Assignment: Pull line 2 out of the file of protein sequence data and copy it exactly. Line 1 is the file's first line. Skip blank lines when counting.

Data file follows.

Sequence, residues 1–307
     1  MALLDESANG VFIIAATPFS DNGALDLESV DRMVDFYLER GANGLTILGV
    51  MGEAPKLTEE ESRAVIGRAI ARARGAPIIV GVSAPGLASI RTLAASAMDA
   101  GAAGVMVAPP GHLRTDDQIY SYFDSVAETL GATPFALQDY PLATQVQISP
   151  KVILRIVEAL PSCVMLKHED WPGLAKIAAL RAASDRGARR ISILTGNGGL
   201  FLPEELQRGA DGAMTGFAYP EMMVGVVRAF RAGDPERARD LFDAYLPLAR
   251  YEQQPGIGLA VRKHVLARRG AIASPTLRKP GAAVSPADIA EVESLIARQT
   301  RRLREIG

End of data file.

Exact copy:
     1  MALLDESANG VFIIAATPFS DNGALDLESV DRMVDFYLER GANGLTILGV